L  2 69 43 45 10 24 12 26  9 30 27 86  6  2  9 37 36 28 12  5 16 19 20 31 25 59 12 13 17 15 26 29 36 16  7  3 L
    M 24 12  5 14  7 17 29  8  8 11 23  8 96 62 11 10 15 20  7  9 13  4 21  9 18  8  5  7  6  6  5  7 11  7 10  4 M 
    N 31  4 13 30  8 12 10 16 13  3 16  8 59 93  5  9  5 28 12 10 16  4 12  4 16 11  5  2  3  4  4  6  2  2 10  2 N
    O  7  7 20  6  5  9 76  7  2 39 26 10  4  8 86 37 35 10  3  4 11 14 25 35 27 27 19 17  7  7  6 18 14 11 20 12 O
    P  5 22 33 12  5 36 22 12  3 78 14 46  5  6 21 83 43 23  9  4 12 19 19 19 41 30 34 44 24 11 15 17 24 23 25 13 P
    Q  8 20 38 11  4 15 10  5  2 27 23 26  7  6 22 51 91 11  2  3  6 14 12 37 50 63 34 32 17 12  9 27 40 58 37 24 Q
    R 13 14 16 23  5 34 26 15  7 12 21 33 14 12 12 29  8 87 16  2 23 23 62 14 12 13  7 10 13  4  7 12  7  9  1  2 R
    S 17 24  5 30 11 26  5 59 16  3 13 10  5 17  6  6  3 18 96  9 56 24 12 10  6  7  8  2  2 15 28  9  5  5  5  2 S
    T 13 10  1  5 46  3  6  6 14  6 14  7  6  5  6 11  4  4  7 96  8  5  4  2  2  6  5  5  3  3  3  8  7  6 14  6 T
    U 14 29 12 32  4 32 11 34 21  7 44 32 11 13  6 20 12 40 51  6 93 57 34 17  9 11  6  6 16 34 10  9  9  7  4  3 U
    V  5 17 24 16  9 29  6 39  5 11 26 43  4  1  9 17 10 17 11  6 32 92 17 57 35 10 10 14 28 79 44 36 25 10  1  5 V
    W  9 21 30 22  9 36 25 15  4 25 29 18 15  6 26 20 25 61 12  4 19 20 86 22 25 22 10 22 19 16  5  9 11  6  3  7 W
    X  7 64 45 19  3 28 11  6  1 35 50 42 10  8 24 32 61 10 12  3 12 17 21 91 48 26 12 20 24 27 16 57 29 16 17  6 X
    Y  9 23 62 15  4 26 22  9  1 30 12 14  5  6 14 30 52  5  7  4  6 13 21 44 86 23 26 44 40 15 11 26 22 33 23 16 Y 
    Z  3 46 45 18  2 22 17 10  7 23 21 51 11  2 15 59 72 14  4  3  9 11 12 36 42 87 16 21 27  9 10 25 66 47 15 15 Z 
    1  2  5 10  3  3  5 13  4  2 29  5 14  9  7 14 30 28  9  4  2  3 12 14 17 19 22 84 63 13  8 10  8 19 32 57 55 1
    2  7 14 22  5  4 20 13  3 25 26  9 14  2  3 17 37 28  6  5  3  6 10 11 17 30 13 62 89 54 20  5 14 20 21 16 11 2
    3  3  8 21  5  4 32  6 12  2 23  6 13  5  2  5 37 19  9  7  6  4 16  6 22 25 12 18 64 86 31 23 41 16 17  8 10 3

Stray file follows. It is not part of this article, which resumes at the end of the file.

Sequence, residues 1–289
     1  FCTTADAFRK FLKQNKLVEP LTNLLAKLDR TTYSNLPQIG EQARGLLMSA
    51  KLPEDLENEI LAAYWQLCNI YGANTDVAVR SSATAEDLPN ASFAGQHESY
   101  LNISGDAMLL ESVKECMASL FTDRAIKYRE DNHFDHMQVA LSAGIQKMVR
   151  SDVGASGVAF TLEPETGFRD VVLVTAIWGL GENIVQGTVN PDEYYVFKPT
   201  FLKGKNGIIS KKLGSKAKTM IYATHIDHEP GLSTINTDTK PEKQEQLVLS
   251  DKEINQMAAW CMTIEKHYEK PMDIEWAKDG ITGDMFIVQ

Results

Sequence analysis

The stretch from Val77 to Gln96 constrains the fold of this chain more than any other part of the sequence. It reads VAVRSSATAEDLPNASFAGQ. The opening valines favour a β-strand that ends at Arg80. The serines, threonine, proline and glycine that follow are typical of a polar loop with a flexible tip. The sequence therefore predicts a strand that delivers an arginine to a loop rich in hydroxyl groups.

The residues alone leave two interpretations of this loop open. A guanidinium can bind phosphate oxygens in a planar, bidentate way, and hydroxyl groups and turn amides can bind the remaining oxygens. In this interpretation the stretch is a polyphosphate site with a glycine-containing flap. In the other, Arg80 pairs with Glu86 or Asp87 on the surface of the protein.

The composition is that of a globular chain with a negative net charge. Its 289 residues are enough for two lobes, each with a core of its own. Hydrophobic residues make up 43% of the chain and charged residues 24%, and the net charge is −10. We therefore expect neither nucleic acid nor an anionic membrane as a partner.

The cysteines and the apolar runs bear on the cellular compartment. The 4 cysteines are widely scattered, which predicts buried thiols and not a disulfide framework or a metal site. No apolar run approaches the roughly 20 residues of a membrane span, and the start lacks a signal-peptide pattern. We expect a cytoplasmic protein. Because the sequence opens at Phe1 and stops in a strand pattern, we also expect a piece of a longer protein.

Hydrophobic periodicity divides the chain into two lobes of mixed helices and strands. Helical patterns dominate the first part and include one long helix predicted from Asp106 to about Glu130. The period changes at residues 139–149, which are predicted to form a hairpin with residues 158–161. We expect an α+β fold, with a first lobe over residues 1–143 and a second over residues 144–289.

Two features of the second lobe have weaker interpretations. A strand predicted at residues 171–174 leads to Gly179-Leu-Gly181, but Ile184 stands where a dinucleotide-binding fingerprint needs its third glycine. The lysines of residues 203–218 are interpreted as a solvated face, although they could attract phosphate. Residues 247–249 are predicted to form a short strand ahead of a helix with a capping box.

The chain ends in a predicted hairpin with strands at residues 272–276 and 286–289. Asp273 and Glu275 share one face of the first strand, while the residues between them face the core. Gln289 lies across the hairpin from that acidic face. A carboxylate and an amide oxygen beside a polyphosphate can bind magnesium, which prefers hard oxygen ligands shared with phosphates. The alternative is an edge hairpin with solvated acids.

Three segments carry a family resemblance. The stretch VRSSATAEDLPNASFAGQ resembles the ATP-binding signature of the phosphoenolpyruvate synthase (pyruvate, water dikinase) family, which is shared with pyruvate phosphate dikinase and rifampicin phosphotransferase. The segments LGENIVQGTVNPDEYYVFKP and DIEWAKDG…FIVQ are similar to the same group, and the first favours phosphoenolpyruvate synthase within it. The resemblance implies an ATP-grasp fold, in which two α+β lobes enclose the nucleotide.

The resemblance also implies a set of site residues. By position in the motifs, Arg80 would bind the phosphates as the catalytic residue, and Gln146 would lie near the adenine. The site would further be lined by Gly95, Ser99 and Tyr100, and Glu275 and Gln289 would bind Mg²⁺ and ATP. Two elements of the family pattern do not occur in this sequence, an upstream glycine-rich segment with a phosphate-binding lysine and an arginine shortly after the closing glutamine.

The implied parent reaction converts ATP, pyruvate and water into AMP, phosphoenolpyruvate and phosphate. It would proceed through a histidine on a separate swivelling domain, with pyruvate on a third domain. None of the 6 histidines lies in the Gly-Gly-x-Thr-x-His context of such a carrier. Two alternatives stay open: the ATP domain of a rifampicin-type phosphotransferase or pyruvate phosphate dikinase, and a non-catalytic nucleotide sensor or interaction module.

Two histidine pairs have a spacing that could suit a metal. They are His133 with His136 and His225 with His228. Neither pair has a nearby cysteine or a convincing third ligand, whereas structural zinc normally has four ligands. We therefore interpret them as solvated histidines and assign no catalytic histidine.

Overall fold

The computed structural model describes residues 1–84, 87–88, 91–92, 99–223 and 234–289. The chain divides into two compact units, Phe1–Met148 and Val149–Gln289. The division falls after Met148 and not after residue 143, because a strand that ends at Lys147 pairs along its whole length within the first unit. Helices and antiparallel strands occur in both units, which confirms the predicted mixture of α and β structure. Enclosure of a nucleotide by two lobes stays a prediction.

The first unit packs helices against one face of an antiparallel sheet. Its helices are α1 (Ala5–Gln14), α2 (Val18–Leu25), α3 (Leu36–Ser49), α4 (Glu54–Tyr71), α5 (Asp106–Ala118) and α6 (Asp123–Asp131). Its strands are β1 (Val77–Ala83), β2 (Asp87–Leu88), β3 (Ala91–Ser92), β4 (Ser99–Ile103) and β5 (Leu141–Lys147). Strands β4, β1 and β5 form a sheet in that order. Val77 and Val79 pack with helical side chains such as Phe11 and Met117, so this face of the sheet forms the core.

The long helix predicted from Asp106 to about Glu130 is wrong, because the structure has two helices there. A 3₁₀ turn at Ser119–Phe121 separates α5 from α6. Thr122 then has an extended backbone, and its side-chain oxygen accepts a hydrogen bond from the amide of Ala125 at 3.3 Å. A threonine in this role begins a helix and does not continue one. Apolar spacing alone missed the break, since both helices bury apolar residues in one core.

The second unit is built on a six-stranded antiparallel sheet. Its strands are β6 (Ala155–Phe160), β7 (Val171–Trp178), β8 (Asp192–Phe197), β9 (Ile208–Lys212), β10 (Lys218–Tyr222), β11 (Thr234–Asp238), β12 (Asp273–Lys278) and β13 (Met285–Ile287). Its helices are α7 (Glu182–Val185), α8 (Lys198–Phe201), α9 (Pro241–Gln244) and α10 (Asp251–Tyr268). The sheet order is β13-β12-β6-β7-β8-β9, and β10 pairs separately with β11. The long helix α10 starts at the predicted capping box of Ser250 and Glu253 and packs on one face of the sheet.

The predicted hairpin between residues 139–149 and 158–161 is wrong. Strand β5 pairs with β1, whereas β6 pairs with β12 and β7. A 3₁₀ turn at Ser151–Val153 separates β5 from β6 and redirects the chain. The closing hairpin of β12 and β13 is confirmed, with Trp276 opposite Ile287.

4  6 19 19 12  8 25 14 16  7 21 13 19  3  3  2 17 29 11  9  3 17 55  8 37 24  3  5 26 44 89 42 44 32 10  3  3 4
    5  8 45 15 14  2 45  4 67  7 14  4 41  2  0  4 13  7  9 27  2 14 45  7 45 10 10 14 10 30 69 90 42 24 10  6  5 5
    6  7 80 30 17  4 23  4 14  2 11 11 27  6  2  7 16 30 11 14  3 12 30  9 58 38 39 15 14 26 24 17 88 69 14  5 14 6
    7  6 33 22 14  5 25  6  4  6 24 13 32  7  6  7 36 39 12  6  2  3 13  9 30 30 50 22 29 18 15 12 61 85 70 20 13 7
    8  3 23 40  6  3 15 15  6  2 33 10 14  3  6 14 12 45  2  6  4  6  7  5 24 35 50 42 29 16 16  9 30 60 89 61 26 8
    9  3 14 23  3  1  6 14  5  2 30  6  7 16 11 10 31 32  5  6  7  6  3  8 11 21 24 57 39  9 12  4 11 42 56 91 78 9
    0  9  3 11  2  5  7 14  4  5 30  8  3  2  3 25 21 29  2  3  4  5  3  2 12 15 20 50 26  9 11  5 22 17 52 81 94 0
    COMPUTE
    STOP
    This is the famous morse code data. If you compare this file to MORSEKYSTSU.DAT they are exactly the same except the matrix is transposed.

    1. Run MORSEKYSTSL.DAT and MORSEKYSTSU.DAT through KYST (be sure to use unique output file names) in 1 to 3 dimensions. To do this change:

      DIMMAX=2,DIMMIN=2 to

      DIMMAX=3,DIMMIN=1

      using Epsilon. Report the Stress values for 1 to 3 dimensions for the two halves of the data.

    2. Make two-dimensional Plots for the two halves of the data (use Epsilon to put the 26 letters and 10 integers before the corresponding coordinates). (You can modify the Plot_Supremes.r program to do this.) Turn in the plots and the R code. Do the plots look the same?